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CASE REPORT Table of Contents   
Year : 2005  |  Volume : 16  |  Issue : 4  |  Page : 159-66
Correction of anterior open bite in a case of achondroplasia

1 Department of Orthodontics, Christian Medical College, Vellore 632004, Tamilnadu, India
2 Department of Dental and Oral Surgery, Christian Medical College, Vellore 632004, Tamilnadu, India

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Treatment planning for patients with skeletal deformities is often considered challenging. This article reports a female patient with achondroplasia who presented with severe maxillary retrognathism and vertical excess along with anterior open bite. The clinical and cephalometric findings of the patient are detailed here. The treatment plan consisted of modified anterior maxillary osteotomy for simultaneous vertical and sagittal augmentation along with orthodontic intervention. The course of surgical-orthodontic treatment and the results are presented. This treatment is to be followed by correction of vertical maxillary excess after completion of growth. This paper concludes that the dentoalveolar component of a skeletal deformity can be handled independent of the craniofacial management.

Keywords: open bite, achondroplasia, osteotomy

How to cite this article:
Karpagam S, Rabin K, Mathew G, Koshy S. Correction of anterior open bite in a case of achondroplasia. Indian J Dent Res 2005;16:159

How to cite this URL:
Karpagam S, Rabin K, Mathew G, Koshy S. Correction of anterior open bite in a case of achondroplasia. Indian J Dent Res [serial online] 2005 [cited 2023 Oct 2];16:159. Available from:

   Introduction Top

Treatment of dentofacial deformities in patients with achondroplasia can be complex and challenging. achondroplasia is a genetic disorder of cartilage and bone formation and is the most common cause of dwarfism [1],[2],[3],[4]. The characteristic craniofacial findings include short posterior cranial base, frontal bossing (due to compensatory overgrowth of cranial vault), collapsed midface and a deficient maxilla, commonly contributing to skeletal class III pattern of malocclusion and an elongated lower face [5],[6],[7],[8]. The hypoplasia of the maxilla can be attributed to the underdevelopment of the cranial base at the synchundroses [9]. Normal growth of the cranial base is essential for the forward translation of the nasomaxillary complex [10].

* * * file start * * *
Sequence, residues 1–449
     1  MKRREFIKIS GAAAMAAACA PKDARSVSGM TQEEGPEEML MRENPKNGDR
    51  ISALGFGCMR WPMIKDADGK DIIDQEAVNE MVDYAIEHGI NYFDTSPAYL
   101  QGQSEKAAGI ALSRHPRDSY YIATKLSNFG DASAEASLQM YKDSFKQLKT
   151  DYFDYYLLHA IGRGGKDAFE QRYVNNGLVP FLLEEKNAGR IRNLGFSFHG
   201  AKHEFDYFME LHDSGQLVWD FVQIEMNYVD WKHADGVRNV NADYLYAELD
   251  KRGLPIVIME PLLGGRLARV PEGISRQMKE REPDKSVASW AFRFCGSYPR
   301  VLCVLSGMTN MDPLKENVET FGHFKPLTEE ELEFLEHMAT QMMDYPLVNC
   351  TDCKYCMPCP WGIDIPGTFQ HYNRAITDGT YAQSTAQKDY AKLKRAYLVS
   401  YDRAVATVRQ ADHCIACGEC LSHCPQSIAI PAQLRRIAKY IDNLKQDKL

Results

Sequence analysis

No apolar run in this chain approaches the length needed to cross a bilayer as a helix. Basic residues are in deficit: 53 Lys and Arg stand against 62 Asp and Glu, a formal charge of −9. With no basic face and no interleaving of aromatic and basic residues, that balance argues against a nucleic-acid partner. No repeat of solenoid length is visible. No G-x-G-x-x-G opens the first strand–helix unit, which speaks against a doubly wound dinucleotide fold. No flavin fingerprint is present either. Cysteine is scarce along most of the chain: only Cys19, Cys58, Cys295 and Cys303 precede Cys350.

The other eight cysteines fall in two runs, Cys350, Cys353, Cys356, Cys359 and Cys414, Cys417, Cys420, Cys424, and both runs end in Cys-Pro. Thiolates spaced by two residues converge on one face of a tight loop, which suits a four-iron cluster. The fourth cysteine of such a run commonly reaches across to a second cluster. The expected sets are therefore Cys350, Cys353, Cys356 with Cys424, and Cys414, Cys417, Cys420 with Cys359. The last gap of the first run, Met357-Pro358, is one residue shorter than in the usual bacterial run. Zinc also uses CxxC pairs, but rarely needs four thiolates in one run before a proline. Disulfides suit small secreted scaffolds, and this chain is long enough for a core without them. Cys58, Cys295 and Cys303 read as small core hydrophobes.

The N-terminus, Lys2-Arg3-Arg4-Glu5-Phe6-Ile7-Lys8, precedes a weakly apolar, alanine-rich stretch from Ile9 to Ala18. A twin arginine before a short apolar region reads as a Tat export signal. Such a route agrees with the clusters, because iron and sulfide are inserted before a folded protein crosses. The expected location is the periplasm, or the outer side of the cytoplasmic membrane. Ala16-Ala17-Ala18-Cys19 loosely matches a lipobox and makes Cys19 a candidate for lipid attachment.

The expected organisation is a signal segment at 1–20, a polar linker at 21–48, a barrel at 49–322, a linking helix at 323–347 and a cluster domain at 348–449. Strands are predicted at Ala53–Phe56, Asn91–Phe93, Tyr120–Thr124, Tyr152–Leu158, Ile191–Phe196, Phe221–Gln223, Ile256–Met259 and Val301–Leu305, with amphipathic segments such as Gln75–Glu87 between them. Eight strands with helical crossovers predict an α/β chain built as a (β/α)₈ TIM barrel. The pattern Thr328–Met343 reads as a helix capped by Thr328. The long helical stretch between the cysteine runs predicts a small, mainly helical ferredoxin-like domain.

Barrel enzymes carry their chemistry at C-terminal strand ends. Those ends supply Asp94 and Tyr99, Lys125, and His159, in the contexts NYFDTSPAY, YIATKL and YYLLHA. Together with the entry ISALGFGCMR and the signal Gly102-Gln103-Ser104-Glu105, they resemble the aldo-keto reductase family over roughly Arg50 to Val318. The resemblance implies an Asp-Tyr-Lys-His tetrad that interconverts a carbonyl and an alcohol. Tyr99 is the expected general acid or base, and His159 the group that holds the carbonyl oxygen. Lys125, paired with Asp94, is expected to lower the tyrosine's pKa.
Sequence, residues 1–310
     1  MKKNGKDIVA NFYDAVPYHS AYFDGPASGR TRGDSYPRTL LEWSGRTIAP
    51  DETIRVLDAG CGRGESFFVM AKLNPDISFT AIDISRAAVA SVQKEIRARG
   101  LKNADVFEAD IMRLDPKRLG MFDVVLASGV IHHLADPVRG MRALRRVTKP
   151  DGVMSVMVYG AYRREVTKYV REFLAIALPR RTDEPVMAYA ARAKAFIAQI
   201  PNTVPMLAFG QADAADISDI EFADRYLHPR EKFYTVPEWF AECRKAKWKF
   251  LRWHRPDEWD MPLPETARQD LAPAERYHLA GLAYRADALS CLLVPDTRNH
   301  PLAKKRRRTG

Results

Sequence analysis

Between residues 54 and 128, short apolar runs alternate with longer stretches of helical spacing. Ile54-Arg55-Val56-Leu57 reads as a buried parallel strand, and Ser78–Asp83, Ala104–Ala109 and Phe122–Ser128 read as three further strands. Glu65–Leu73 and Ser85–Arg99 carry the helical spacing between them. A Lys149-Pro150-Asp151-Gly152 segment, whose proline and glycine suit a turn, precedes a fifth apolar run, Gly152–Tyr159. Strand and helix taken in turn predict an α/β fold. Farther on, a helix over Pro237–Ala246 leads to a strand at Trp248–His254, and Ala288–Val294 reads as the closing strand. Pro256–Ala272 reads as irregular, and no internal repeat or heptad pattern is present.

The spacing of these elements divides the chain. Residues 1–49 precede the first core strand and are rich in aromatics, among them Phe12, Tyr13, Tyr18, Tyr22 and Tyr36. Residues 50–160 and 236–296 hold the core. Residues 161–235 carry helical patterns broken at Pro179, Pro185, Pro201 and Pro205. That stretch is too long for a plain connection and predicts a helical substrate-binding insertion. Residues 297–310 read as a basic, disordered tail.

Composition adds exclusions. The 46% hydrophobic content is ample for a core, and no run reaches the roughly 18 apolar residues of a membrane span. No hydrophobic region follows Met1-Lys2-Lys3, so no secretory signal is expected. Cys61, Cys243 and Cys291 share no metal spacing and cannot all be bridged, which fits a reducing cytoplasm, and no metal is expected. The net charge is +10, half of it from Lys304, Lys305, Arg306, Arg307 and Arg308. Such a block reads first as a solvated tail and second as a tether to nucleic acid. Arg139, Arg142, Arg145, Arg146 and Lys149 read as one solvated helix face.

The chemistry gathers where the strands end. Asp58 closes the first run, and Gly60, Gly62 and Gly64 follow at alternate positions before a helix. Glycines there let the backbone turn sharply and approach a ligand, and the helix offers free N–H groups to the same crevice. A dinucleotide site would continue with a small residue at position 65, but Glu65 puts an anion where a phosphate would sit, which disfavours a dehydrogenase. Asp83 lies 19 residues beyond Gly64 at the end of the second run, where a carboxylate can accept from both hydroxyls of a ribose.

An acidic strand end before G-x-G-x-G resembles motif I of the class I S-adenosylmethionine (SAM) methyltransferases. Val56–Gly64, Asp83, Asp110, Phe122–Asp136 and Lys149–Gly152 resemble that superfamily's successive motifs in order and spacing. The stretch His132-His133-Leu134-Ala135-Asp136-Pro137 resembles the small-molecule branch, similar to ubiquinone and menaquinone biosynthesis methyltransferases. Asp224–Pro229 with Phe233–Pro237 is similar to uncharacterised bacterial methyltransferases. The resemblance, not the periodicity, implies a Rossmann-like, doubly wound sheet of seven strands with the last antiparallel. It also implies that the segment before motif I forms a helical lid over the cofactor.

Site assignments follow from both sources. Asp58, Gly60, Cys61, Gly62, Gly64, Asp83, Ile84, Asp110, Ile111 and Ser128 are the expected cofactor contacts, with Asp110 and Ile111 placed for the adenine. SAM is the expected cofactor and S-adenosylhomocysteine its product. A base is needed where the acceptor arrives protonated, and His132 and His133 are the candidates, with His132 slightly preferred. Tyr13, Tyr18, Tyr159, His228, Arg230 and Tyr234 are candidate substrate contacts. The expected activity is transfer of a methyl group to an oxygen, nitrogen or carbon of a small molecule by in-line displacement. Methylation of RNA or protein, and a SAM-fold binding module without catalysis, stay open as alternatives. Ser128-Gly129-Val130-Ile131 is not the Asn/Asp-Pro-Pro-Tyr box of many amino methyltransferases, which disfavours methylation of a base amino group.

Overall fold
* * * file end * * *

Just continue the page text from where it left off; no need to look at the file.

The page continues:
This article presents a case of a patient with achondroplasia exhibiting a unique combination of skeletal anterior openbite, vertical maxillary excess, severe maxillary retrusion and class I molar relation. The specific surgical strategy along with adjunctive orthodontics for correction of openbite and accompanying malocclusion is discussed. The treatment plan for correction of the vertical excess is also mentioned.

   Case report Top

A 14-year-old female patient presented with the classic features of achondroplasia She had all the skeletal features of deficiencies secondary to achondroplasia along with apertognathia

   History Top

The patient sought treatment for difficulty in closing the lips and loss of contact between the front teeth. She also wanted correction of her facial appearance. History revealed that she had mouth breathing habit (a possible consequence of reduced upper airway space). The patient had otherwise been in good health and had also received orthopaedic surgical correction for limb lengthening.

   Clinical features Top

Along with the classical extraoral manifestations associated with achondroplasia like frontal bossing, collapsed midface and a concave profile, she also presented with incompetent lips, an interlabial gap of about 16 rmn. at rest and hyperactive mentalis. Lip closure was not possible for the patient without muscle strain. In profile, the mandible appeared normal and the chin was notprominent The nose was saddle­shaped [Figure - 1]-A,B.